Then there is a further difficulty. We have no right under the terms of the Armistice to repatriate these people to any place outside the Armistice area; in other words, we have no right, even if we had the force (and we have not the force), to take them back into the mountainous region of Kurdistan, and obviously it would be suicidal folly to send them out to be waylaid and murdered on the way. These people themselves are, of course, reluctant to move unless tinder conditions which give them reasonable security, and as winter is now approaching I am afraid we cannot expect to do anything substantial until the spring. Meanwhile the administration of this camp has been taken over by the civilian from the military authorities, and it is hoped that the expense will thereby be reduced to £3,000 a day.

Willing as we have been to pay, we have never quite been able to see why this expenditure, as indeed most of the expenditure of the war in the East, has fallen upon Great Britain alone. Therefore we have invited France, who is greatly interested in that part of the East, to bear her share of the burden. Our policy there is quite clear. It is to get the Persian Assyrians back to their country as soon as conditions admit of it; and as regards the Assyrians who lived before and who are willing to live again in the areas which belong to the old Turkish Empire, either to place them in an enclave adjacent to the territories under our control, so that they may be under our wing and within easy reach of our protection, or, if we provide a home for them in their former home lands or further afield among the Kurdish peoples, to try to make such arrangements for them as may secure their safe and decent existence.

Here let me say that what the most rev. Primate said about the relations between the Kurds and the Armenians appears also to be true about the relations between the Kurds and the Assyrian Christians, because the lady who has been referred to told me that she did not anticipate that difficulties would arise from that cause. The fact is that these people when not stirred up by the Turks, or by local feuds, are quite capable of getting on with each other; indeed, the Assyrians are in many ways necessary to the Kurds, for the purposes of cultivation and otherwise. If you can arm a sufficient number of them to act as a sort of gendarmerie to themselves, I believe there is no reason why in the future those two communities should not live side by side. That is the object that we are keeping before ourselves, and I hope that when winter is over and spring comes we may be able to take steps to move them back to their own homes. So much for the Assyrian Christians.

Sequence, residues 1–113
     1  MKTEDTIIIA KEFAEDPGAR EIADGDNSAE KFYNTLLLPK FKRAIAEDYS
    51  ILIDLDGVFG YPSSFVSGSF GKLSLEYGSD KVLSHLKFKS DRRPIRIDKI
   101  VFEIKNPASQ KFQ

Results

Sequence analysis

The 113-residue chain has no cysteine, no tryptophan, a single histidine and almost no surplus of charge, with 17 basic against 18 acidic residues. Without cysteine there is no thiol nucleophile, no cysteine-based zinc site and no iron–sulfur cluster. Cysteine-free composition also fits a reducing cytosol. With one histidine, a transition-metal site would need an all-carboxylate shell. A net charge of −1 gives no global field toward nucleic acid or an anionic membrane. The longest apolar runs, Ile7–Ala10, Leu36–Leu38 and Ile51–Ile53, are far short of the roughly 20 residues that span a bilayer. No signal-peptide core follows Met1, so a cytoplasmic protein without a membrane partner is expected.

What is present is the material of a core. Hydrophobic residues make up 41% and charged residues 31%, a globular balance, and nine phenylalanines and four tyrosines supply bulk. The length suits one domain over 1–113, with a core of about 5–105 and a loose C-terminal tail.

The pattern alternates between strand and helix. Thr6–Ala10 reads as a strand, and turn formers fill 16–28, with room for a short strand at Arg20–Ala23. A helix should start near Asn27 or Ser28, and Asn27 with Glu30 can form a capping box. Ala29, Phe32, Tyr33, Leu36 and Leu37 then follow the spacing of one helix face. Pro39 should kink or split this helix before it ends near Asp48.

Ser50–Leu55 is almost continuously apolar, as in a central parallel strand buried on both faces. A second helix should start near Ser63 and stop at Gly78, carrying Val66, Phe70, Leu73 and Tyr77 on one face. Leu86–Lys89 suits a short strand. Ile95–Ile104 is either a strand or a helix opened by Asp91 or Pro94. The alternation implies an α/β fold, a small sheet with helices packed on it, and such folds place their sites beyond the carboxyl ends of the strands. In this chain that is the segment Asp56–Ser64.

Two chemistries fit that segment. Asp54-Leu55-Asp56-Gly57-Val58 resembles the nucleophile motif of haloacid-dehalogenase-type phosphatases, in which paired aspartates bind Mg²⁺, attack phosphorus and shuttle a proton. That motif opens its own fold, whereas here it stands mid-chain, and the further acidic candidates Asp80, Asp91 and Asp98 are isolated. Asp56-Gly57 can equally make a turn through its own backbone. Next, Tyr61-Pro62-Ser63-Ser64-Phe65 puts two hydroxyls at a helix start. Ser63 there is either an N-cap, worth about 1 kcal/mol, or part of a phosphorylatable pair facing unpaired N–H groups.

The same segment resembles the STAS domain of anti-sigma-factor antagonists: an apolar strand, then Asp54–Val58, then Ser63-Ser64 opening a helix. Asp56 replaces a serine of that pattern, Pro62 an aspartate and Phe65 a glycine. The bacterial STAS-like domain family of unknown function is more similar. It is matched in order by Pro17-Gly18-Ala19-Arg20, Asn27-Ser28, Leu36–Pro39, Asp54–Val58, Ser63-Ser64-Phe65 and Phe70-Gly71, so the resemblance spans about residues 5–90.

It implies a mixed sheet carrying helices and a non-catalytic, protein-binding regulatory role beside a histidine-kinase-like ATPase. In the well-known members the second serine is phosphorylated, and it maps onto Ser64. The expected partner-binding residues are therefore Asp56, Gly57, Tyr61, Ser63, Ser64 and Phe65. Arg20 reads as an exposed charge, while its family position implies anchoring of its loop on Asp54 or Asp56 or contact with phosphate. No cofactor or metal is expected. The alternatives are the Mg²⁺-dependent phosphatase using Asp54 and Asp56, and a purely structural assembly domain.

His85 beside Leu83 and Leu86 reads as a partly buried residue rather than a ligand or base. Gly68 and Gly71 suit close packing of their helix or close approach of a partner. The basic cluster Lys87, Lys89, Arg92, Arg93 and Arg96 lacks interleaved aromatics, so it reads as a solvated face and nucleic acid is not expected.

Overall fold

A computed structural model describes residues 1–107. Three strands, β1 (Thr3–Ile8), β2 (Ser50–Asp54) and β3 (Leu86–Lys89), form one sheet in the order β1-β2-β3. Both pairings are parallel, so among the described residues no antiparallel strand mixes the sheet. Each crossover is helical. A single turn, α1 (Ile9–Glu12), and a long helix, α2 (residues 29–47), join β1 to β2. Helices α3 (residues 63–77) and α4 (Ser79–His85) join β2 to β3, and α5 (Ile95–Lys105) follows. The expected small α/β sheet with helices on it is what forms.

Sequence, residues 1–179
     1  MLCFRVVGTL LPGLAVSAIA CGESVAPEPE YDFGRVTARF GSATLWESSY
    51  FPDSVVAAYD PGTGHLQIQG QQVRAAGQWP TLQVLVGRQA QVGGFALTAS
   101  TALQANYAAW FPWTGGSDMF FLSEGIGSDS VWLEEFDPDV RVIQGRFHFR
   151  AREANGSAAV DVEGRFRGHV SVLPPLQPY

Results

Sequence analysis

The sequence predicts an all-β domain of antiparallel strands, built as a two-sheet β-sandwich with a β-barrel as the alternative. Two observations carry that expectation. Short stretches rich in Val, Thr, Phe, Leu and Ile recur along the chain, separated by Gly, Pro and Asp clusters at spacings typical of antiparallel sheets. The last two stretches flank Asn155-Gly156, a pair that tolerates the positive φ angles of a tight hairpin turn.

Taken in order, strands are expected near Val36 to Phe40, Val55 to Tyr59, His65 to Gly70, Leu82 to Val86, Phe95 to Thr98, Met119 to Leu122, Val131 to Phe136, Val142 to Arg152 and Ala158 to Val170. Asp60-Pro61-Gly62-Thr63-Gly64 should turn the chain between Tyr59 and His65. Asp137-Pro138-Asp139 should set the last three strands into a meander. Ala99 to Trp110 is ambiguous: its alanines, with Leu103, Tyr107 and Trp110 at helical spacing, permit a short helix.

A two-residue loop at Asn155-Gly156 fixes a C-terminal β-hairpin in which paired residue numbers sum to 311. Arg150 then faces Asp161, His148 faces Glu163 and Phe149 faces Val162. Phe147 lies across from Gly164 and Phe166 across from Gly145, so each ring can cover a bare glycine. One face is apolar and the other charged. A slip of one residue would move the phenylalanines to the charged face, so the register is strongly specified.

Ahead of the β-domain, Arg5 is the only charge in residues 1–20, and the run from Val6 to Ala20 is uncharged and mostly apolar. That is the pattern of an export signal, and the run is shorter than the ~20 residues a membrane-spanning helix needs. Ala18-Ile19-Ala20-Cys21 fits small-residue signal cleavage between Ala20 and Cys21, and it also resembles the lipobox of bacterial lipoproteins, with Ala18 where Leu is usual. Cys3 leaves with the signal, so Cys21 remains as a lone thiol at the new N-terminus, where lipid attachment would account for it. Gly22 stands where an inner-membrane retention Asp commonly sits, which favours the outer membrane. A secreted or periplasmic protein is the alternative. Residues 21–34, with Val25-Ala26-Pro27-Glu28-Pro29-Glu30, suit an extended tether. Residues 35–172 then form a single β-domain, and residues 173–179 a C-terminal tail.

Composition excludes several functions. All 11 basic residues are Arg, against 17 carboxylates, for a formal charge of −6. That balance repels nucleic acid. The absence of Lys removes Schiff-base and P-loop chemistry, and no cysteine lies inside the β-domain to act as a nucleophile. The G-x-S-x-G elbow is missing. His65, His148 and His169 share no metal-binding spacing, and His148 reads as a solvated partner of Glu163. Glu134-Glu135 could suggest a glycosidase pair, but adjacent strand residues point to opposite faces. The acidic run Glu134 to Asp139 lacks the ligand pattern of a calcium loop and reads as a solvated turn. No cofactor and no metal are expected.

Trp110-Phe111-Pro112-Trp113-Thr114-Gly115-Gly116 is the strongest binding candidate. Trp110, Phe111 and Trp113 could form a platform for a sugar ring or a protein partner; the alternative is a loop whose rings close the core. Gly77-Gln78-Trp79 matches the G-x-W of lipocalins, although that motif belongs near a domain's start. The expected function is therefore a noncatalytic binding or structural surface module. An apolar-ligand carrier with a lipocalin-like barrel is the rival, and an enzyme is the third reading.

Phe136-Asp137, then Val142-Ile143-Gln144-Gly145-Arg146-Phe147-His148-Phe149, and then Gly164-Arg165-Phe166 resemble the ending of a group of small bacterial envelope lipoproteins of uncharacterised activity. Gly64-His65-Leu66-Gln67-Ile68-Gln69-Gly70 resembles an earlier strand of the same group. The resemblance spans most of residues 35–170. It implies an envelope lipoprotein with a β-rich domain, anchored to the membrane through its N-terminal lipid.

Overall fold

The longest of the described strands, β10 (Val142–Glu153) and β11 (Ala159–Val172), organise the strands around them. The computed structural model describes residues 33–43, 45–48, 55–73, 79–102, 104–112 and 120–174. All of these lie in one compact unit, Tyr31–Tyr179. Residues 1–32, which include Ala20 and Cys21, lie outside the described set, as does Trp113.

Now may I say a word about the Armenians, and I need not enlarge upon—indeed, I need not devote even a passing sentence to endorsing—what the most rev. Primate said about the historic sufferings and miseries of that people. Never in their long history have they been so scattered or dispersed or in a more forlorn and pitiable condition than at present. What are we doing for the Armenians, and where are the Armenians with whom it is possible to deal? I spoke just now about the 12,000 who were at Bakuba, refugees from different parts of what was formerly Turkish territory. The most rev. Primate himself alluded to the Armenians in the South, and there have been until quite recently for the best part of a year if not for longer something like 12,000 Armenian refugees at or in the immediate neighbourhood of Aleppo. The House is probably aware from what it has seen in the Press that arrangements have been recently concluded between the British and French Governments by which those parts of Syria and Cilicia have been evacuated by the British troops who have hitherto occupied them and handed over to the French, and accordingly when this step took place we proposed to transfer to the charge of the French the 12,000 Armenian refugees at Aleppo to whom I have referred. That charge was accepted by them, and those persons are being transferred to Cilicia. There are also a number of Armenian refugees at other towns in the north of Syria, Marash and Urfa, and other places which are now in the French sphere, and who will therefore be looked after by the French. Then if you come to Cilicia itself, there is the Armenian community in that old province of the Turkish Empire which throughout has been under the military and civil administration of the French where therefore the Armenians are again a French charge. So much for the southern fringes of the Old Armenia.